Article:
Using Natural Selection to Evolve a Robot Robot Books

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Courtesy of New Scientist Magazine

By Clive Davidson

THE SETTING IS SIMPLE: a rectangular room with its walls painted black except for one white square and one white triangle. In the center of the room, a video camera hangs from a shaft connected to an overhead gantry. Below it is a plastic disc connected to a circle of eight, touch-sensitive bumpers. Motors on the gantry begin to hum, the camera is driven forwards, backwards and from side to side as it explores the room like an animated Cyclops. After a few moments to orient itself, it advances steadily towards the triangle and then comes to a stop. The experiment has been a success.

This "robot" is the brainchild of a three-man team at the Evolutionary Robotics Group at the University of Sussex. The simple task it has successfully completed - finding the white triangle in a landscape populated only by one other feature - does not look like much, as the team members freely confess. But as they explain, "the significant factor is how we got the robot to solve the problem".

Better bred

The Sussex team used a new approach which might eventually succeed where others have failed in building autonomous robots that can move around complex environments. Today, the robot can manage to move around only its blackwalled room: in the future, the goal is a robot that can handle the ever-changing, real-world environments of offices, warehouses and hospitals.

The Sussex robot was not programmed to distinguish between a triangle and a square. Its primitive nervous system was not even wired up so it would pick out geometric objects. Instead, the robot's brain was made to "evolve". It was "bred" from a population of robots with randomly designed motor control and vision systems. After being made to perform in the experimental environment, the "fittest" individuals in the population - in this case, the ones which came closest to stopping in front of the triangle - were allowed to "survive", "breed" and "spawn" the next generation. From a starting population of 30 robots, it took just 30 generations of artificial evolution over two days before the successful triangle-seeking individual appeared.

This method of creating intelligent robots differs greatly from the way robot-builders have proceeded in the past. The traditional artificial intelligence (Al) approach has attempted to program a robot with sets of rules and knowledge about the world in which it lives. This places a tremendous burden on the programmer to reduce everything that the robot needs to know into a set of nonambiguous, utterly precise statement.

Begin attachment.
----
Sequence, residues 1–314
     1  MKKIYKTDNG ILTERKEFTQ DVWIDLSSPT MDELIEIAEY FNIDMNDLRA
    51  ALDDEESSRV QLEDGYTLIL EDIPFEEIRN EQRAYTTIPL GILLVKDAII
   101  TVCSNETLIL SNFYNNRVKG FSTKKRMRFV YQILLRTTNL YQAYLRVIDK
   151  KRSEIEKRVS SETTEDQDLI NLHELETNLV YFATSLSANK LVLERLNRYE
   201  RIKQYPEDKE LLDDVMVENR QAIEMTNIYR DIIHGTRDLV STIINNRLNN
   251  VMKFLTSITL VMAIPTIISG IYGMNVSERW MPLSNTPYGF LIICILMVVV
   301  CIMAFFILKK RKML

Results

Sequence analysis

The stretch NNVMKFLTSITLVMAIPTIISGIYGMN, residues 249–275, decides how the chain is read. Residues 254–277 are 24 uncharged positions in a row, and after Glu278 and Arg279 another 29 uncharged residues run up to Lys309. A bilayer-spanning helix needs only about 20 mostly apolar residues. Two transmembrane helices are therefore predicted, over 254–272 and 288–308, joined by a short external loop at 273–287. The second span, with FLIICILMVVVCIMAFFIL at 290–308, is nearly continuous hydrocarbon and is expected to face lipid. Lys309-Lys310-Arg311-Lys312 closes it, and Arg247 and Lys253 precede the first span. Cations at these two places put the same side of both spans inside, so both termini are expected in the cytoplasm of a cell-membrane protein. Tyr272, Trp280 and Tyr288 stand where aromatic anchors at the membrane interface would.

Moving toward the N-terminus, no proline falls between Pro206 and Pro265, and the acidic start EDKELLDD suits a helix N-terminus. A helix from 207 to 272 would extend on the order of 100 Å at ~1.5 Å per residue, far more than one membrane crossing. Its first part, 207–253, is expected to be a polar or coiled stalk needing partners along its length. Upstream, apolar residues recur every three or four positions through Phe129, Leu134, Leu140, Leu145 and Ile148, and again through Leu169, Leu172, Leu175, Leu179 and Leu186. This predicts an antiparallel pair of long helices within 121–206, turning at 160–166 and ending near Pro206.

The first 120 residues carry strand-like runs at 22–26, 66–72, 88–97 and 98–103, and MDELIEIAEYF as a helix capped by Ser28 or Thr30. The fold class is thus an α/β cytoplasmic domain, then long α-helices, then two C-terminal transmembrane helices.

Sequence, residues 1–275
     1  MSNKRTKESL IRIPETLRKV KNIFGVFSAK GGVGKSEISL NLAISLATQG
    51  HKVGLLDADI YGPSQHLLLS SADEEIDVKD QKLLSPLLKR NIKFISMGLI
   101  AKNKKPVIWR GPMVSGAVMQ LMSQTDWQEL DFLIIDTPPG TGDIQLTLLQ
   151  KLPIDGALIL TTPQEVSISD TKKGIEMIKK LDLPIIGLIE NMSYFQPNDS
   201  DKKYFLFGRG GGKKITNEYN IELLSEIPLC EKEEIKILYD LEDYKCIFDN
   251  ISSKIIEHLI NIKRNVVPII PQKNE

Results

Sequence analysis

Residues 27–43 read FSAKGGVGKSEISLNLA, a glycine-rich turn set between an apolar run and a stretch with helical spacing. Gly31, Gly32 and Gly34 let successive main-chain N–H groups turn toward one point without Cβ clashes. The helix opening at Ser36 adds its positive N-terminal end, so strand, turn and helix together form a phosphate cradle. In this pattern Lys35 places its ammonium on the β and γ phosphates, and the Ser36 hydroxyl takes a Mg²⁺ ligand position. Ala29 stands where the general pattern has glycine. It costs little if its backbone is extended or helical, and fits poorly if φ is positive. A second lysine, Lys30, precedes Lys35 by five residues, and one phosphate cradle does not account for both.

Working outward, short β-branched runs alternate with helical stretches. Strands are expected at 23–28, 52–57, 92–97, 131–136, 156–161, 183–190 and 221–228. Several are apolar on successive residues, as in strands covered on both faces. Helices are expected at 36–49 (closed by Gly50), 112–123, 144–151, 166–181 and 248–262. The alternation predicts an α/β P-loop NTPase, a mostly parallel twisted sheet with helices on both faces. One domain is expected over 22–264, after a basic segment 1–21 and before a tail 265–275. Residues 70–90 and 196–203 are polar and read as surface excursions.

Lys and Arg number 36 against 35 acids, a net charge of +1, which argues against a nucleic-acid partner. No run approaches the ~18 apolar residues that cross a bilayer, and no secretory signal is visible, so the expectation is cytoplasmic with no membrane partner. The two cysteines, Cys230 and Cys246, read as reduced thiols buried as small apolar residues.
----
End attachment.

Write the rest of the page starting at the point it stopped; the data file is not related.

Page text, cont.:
A more recent approach has used neural networks - computer systems modeled loosely on the human brain. The programmer does not write a series of instructions for the network to carry out. Instead, the machine learns by trial and error to carry out the correct actions when given certain inputs. During the learning process, the properties of the network are gradually adjusted until a particular input produces the right output. This "connectionist" approach has been successful in creating machines that can solve certain specific problems and has the advantage that the programmer does not have to specify exactly how a problem is to be solved.

But the problem with both these approaches is that they are difficult to apply to a wide range of situations. Each set of rules or learned connections relate only to specific problems. Building robots that can deal with the complexities of the ever-changing, real world is thus very difficult. As the Sussex team puts it, "If a robot is interesting, then it's probably too difficult to design." That is why they have turned to "evolving" their software.

Inman Harvey, Phil Husbands and Dave Cliff are using genetic algorithms as the basic tool for building their robots. This technique first invented by researcher John Holland in the 1960s while he was working at the University of Michigan, loosely applies the principles of Darwinian evolution to computer code. This approach sees strings of code which specify certain structures or behaviors - for example, the way visual sensors on the robot's body connect to one another - as analogous to chromosomes.

At the start of the process, a number of these chromosomes are generated randomly. The robots that carry them will "behave" in a variety of different ways. A "fitness test" is then used to evaluate how well they solve a particular problem, in this case finding the way to the white triangle in a black-walled room. Code-bearing chromosomes from the fittest pair of robots are brought together and run through programs which simulate the recombination of genetic elements that takes place during reproduction by real organisms. The resulting pool of "offspring" is put through the fitness test once again - and so on for generation after generation.